Sunday, March 29, 2015

Playing on the Mendocino Coast

Not a whole lot to say about it, but in the past few weeks we've gotten out in our whitewater boats for some coastal exploration nearby. The video footage below shows what the coast is like here in Mendocino: lots of tunnels and caves, interesting rocks to paddle around and over, and gorgeous scenery wherever you turn. It's a compilation from a couple of days, one launching out of Caspar, and one just south of Van Damme State Park (both under twenty minutes from our doorstep).

While there definitely isn't a single boat that's perfect for everything, there are definite advantages to one over another in certain situations. We chose our whitewater/surf kayaks for these adventures because we knew we didn't have far to travel (about four miles total on each trip) and the play features were dense and waves plentiful. Even if you're not a whitewater kayaker, it's worth it to have a short boat that surfs well for such ocean paddling. You can tell from my wife's smiles and laughter that it makes playing around easier and more fun. Give it a try if you get the chance - and visit Mendocino for the best place to do it.

Sunday, March 15, 2015

A Paddler's Journey: What it takes to create a book

As my regular readers know, I've been working on a book, a paddling memoir tracing my career as a kayaker. But I know from experience that most people don't really understand what all it takes to make a book, so I thought I'd explain the process a little more.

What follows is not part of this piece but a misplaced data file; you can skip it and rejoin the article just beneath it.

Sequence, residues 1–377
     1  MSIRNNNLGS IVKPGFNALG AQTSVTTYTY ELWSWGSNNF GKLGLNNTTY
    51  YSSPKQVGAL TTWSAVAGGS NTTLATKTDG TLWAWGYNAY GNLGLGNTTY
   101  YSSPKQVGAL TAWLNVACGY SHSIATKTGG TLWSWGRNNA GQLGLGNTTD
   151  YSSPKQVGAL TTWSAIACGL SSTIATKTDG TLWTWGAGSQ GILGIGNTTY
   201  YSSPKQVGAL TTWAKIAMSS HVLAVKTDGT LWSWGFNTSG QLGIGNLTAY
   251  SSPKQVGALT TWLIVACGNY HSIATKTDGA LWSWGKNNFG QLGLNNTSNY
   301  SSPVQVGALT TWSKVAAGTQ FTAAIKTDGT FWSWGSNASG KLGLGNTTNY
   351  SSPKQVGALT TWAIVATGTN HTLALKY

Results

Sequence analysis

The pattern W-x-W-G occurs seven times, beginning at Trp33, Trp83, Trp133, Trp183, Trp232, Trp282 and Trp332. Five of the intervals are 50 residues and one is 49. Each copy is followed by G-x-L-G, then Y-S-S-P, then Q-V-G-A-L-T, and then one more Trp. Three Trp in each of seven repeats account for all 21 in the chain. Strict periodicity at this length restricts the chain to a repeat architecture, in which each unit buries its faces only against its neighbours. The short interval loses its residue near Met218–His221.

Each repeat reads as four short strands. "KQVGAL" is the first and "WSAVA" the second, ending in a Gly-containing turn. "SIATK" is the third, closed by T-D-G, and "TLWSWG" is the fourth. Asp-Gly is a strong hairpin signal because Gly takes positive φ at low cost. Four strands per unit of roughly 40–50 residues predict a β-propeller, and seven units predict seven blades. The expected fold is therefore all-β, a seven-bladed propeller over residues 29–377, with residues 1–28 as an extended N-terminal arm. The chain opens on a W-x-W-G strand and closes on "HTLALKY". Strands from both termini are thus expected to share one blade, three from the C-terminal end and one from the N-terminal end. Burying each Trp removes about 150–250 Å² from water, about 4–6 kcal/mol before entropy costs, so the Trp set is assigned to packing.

Putting words on paper (or into a word processor). That's what most people think of when you say you're writing a book. And you do have to do that. But that's the fun and easy part, and it's just the beginning. Sure, you could just ramble on for page after page, just collect the stuff I've already written here, but a book - a real and true book - is different than a collection of blog posts.

When I set out to write A Paddler's Journey, I needed a theme, something to hold it all together and give it a backbone to build around. I wanted to share some fun paddling stories, but that alone wouldn't be worthy of a book. I decided to show my progression through the sport and all the lessons I learned along the way. How becoming a paddler has influenced my life as a whole. I did this through stories, and the stories can be taken by themselves and enjoyed as individual adventures, but each one builds on the previous and they all lead somewhere - to the person I am today. I had to leave out some good stories that didn't fit. I had to include more than just the paddling - I had to talk about the people, since they influenced me as much as the water. It took a lot more thought and careful deliberation to come up with the content for the book.